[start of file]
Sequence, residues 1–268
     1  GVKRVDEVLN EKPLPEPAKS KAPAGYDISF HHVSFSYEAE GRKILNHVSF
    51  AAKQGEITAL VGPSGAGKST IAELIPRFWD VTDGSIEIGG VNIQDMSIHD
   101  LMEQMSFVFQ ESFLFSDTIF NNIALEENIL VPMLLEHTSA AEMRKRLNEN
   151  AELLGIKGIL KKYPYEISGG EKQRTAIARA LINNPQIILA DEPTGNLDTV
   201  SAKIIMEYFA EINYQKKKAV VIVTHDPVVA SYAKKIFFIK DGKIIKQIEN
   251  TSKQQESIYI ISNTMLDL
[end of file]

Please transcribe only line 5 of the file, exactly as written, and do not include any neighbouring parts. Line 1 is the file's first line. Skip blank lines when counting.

   151  AELLGIKGIL KKYPYEISGG EKQRTAIARA LINNPQIILA DEPTGNLDTV